Graphic by Tanmoy Chakraborty


The COVID-19 crisis that erupted in March, barely three months after Thackeray assumed office, is proving to be a trial by fire for the first-time chief minister. Initially, it singed his reputation badly. Rather than the roaring tiger that symbolises his party, Thackeray for weeks seemed like a deer caught in the glaring headlights of the pandemic. Afraid of losing his thunder, he turned down a proposal by NCP supremo Sharad Pawar to form a COVID-19 steering committee under the leadership of his trusted man, the water resources minister Jayant Patil. It proved to be bad politics, as the Maratha strongman subsequently chose to keep his distance at a time his guidance would have strengthened Thackeray’s hand in dealing with the Covid challenge. Rumours were rife that a section of the NCP was disillusioned with the alliance and willing to exit it to join hands with the BJP and form a government, something Pawar hotly denied.

The cracks in the ruling Maharashtra Vikas Aghadi (MVA) appeared even wider when the Sena’s other alliance partner, the Congress, too started making noi­ses about being ignored. Former Congress president Rahul Gandhi said, “We are supporting the government in Maharashtra but we are not the key decision-maker.” Opposition leader Fadnavis was quick to cash in on the seeming lack of cohesion in the alliance by launching a statewide Maharashtra Bachao (Save Maharashtra) campaign, alleging that Thackeray was not in command of the situation.

Indeed, Thackeray seemed to be floundering in the first month and a half of the crisis. Rather than tap the wealth of experience in his cabinet, he had not called a cabinet meeting till June 2, the chief minister seemed to be relying more on a clutch of senior bureaucrats, spearheaded by chief secretary Ajoy Mehta, for advice. Defending his style of administration in a recent media interaction, he asked, “What’s the harm in that? Have I taken any wrong decision? I am not a Bollywood hero who needs to be seen everywhere. I like to work in sile­nce.” To which Fadnavis countered with a swift riposte: “Political leadership must give direction to the bureaucracy’s wisdom. Uddhavji has failed on that front.”

With NCP supremo Sharad Pawar at a book release function in March

To be fair to Thackeray, even Prime Minister Narendra Modi formed 11 empowered groups of senior bureaucrats and experts to work as his front-line team to meet the Covid challenge. But it was the battle among the bureaucrats Thackeray trusted that pushed Mumbai to the brink of a Covid disaster. The then BMC commissioner Praveen Pardeshi, a competent but headstrong officer, was at loggerheads with chief secretary Mehta on how the city should combat the pandemic. The result was that infection rates in Mumbai grew from 7 to 18 per cent in April even as deaths climbed to 1,068 on May 15 from 16 on April 1.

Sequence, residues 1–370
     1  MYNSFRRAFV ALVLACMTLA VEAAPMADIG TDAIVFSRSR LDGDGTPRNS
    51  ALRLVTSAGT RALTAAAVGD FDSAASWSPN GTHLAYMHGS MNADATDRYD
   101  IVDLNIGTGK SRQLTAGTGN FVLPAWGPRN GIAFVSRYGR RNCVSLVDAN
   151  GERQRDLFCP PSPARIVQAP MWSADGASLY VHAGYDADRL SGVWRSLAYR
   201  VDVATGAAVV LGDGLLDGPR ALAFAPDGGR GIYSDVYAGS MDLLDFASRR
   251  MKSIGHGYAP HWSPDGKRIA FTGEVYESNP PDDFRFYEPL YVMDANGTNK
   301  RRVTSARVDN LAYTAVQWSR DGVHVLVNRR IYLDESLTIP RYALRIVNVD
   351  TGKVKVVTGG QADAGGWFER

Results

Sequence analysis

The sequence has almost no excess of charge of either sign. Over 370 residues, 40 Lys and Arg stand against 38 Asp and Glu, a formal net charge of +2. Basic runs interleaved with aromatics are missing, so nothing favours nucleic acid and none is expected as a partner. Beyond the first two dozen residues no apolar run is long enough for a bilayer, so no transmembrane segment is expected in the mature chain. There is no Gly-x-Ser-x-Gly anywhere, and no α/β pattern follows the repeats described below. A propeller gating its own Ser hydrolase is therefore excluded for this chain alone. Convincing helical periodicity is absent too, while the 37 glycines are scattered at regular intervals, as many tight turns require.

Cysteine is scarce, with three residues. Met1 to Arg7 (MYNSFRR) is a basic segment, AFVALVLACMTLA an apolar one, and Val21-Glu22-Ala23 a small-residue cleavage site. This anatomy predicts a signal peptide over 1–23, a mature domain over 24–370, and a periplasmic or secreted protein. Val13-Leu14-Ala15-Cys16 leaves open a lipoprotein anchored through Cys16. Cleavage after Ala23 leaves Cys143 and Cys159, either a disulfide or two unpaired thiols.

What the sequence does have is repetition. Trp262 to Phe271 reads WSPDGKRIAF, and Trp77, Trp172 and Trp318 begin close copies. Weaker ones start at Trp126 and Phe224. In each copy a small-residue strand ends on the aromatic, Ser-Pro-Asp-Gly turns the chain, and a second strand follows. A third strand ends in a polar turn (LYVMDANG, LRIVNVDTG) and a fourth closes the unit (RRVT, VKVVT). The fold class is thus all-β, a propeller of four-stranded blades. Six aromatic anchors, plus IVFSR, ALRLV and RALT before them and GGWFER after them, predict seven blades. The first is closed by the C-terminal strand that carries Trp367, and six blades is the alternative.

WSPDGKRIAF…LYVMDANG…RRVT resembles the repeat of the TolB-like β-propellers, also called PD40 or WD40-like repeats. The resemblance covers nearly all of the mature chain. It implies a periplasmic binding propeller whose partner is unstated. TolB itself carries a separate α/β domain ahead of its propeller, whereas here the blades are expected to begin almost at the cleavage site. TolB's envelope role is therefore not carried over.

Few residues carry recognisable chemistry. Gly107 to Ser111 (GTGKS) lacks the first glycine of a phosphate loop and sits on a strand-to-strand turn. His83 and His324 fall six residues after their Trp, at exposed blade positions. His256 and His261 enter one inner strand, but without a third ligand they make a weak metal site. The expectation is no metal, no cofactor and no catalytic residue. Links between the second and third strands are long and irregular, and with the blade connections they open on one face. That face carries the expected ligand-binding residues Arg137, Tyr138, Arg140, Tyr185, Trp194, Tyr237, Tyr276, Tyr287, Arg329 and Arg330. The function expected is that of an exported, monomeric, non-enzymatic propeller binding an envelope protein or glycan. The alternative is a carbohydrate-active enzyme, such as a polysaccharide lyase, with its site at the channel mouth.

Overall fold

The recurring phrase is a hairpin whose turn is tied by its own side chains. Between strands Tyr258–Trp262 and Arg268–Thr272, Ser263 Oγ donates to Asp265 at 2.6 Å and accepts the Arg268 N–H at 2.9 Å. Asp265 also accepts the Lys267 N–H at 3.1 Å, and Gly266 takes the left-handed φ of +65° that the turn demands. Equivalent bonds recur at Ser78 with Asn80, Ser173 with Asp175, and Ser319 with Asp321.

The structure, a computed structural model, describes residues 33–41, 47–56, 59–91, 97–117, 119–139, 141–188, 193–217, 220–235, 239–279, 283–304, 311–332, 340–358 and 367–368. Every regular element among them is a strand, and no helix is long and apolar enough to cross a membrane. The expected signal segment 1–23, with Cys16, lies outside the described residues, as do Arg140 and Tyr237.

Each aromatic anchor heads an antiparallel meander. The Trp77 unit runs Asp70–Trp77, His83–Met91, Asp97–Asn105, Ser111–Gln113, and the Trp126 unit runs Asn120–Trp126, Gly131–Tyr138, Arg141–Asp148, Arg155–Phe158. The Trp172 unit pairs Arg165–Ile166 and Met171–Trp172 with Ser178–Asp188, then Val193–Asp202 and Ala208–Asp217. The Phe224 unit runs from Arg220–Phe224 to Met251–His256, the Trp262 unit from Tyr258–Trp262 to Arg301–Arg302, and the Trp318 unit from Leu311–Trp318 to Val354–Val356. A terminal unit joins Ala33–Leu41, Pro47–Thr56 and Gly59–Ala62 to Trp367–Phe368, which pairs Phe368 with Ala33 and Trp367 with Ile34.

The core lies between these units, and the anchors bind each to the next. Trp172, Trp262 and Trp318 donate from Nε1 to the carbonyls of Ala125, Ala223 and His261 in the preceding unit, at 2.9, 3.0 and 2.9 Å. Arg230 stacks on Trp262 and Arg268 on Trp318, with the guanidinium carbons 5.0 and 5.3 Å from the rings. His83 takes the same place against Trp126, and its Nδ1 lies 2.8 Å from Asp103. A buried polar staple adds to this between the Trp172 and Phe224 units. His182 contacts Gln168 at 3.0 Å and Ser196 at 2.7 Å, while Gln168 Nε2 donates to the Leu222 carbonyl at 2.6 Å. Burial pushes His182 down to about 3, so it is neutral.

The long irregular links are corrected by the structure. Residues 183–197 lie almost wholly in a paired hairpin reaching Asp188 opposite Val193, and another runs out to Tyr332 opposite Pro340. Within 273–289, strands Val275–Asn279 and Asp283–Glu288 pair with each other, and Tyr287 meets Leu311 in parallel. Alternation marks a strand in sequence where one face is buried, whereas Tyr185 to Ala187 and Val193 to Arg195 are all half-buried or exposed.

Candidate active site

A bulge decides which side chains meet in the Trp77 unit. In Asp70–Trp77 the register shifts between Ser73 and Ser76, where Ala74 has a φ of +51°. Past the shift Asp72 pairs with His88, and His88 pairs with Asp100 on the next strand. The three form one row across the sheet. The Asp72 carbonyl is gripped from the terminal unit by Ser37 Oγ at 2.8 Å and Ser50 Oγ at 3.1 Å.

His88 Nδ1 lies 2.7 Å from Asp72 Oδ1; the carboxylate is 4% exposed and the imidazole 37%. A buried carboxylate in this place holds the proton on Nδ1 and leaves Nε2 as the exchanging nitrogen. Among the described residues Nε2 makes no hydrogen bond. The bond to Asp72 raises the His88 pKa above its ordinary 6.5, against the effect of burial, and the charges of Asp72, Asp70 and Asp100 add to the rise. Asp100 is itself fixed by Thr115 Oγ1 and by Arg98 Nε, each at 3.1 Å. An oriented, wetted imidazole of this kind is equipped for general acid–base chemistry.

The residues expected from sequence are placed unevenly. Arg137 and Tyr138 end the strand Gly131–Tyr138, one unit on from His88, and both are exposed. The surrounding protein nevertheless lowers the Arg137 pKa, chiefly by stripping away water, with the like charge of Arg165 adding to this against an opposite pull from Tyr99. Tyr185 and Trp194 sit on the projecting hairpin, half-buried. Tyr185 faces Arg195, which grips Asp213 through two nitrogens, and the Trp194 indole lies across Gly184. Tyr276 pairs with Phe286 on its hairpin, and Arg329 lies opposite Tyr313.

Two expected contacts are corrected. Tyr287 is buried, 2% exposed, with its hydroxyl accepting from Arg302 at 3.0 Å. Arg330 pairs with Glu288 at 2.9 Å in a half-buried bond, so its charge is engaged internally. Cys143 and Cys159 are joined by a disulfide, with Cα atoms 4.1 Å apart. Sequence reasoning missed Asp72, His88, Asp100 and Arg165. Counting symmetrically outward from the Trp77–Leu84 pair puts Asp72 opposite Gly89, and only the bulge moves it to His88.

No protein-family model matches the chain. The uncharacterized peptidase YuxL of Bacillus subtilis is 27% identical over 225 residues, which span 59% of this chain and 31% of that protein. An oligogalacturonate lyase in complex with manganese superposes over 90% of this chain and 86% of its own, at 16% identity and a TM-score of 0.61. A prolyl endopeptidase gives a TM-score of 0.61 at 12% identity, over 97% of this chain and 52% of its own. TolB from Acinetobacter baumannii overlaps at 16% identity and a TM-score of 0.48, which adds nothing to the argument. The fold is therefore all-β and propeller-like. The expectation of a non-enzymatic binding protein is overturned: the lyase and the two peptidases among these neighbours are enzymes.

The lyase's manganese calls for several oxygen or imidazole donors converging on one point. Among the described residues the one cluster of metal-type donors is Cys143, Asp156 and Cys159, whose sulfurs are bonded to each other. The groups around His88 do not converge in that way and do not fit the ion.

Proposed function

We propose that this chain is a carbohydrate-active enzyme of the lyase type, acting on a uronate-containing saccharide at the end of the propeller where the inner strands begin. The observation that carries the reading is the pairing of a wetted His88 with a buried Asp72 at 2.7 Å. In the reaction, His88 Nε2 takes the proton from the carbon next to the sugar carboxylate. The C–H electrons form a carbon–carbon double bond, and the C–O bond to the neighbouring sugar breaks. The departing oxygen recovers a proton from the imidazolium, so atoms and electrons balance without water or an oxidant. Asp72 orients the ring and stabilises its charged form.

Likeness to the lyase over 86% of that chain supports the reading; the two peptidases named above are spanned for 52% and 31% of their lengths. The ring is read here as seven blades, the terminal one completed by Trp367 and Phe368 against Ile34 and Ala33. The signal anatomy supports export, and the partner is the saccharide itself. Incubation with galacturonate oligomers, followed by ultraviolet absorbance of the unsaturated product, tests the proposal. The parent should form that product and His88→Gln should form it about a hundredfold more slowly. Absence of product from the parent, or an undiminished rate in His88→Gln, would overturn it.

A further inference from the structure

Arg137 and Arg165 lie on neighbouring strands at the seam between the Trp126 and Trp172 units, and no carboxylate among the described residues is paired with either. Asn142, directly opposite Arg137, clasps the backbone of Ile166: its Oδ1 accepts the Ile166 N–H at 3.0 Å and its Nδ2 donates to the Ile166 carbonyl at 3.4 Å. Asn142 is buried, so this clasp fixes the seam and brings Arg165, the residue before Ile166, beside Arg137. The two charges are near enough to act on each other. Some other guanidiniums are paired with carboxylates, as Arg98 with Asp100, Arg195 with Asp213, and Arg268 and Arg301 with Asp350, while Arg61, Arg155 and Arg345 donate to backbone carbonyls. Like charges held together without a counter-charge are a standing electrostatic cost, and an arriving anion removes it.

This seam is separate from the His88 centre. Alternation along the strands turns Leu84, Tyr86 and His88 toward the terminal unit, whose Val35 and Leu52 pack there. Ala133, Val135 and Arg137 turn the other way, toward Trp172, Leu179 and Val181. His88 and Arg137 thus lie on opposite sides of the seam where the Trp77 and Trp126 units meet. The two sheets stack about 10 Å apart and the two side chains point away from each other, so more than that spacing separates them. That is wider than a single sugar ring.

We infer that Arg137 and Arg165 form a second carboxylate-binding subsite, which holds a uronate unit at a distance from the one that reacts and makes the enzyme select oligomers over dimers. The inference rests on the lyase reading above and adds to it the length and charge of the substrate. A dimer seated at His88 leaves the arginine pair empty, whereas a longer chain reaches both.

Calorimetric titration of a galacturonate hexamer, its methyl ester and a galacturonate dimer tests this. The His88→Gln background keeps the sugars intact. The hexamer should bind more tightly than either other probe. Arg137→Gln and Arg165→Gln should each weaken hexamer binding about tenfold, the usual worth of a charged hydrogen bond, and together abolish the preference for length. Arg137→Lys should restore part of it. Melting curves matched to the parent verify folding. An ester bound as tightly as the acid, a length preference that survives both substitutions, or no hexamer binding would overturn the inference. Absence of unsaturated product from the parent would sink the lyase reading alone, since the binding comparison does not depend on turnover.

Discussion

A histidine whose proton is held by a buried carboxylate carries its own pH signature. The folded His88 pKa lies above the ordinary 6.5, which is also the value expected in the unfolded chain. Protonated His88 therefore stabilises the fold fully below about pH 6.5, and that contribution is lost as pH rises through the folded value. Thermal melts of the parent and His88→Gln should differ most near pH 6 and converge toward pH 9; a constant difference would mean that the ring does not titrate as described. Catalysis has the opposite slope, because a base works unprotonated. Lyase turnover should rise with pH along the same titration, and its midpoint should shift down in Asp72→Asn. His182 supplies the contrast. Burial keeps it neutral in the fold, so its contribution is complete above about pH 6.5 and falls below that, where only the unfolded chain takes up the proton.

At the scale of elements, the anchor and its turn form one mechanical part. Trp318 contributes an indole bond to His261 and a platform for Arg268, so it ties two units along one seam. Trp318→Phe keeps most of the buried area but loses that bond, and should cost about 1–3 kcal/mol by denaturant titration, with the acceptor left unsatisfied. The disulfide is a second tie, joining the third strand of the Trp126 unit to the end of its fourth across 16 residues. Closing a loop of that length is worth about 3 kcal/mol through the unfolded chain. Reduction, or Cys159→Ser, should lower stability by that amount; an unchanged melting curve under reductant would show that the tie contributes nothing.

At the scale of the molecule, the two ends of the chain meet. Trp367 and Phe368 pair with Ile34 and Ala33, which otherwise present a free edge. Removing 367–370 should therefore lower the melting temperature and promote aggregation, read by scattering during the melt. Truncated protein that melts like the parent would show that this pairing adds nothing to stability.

While COVID-19 cases were growing exponentially not only in Mumbai but across the state, Thackeray seemed mostly worried about getting elected to the legislative council to retain his chief ministership. The Consti­tution mandates that a minister become a legislator within six months of taking oath if he wants to continue in office. Thackeray had to do so by May 27. Nine council seats were vacant, but the Election Commission of India (ECI) was in no mood to conduct elections for them in the middle of the pandemic. Maharashtra governor Bhagat Singh Koshyari turned down the Maharashtra cabinet’s recommendation to nominate Thackeray to one of the two vacant seats in the council. A desperate Thackeray called the PM on April 29 to look into the matter. The next day, Koshyari wrote to the ECI requesting them to conduct polls for the nine seats. Eventually, Thackeray was elected unopposed on May 21. No one knows what transpired between Modi and Thackeray but the chief minister has been a livewire of action ever since.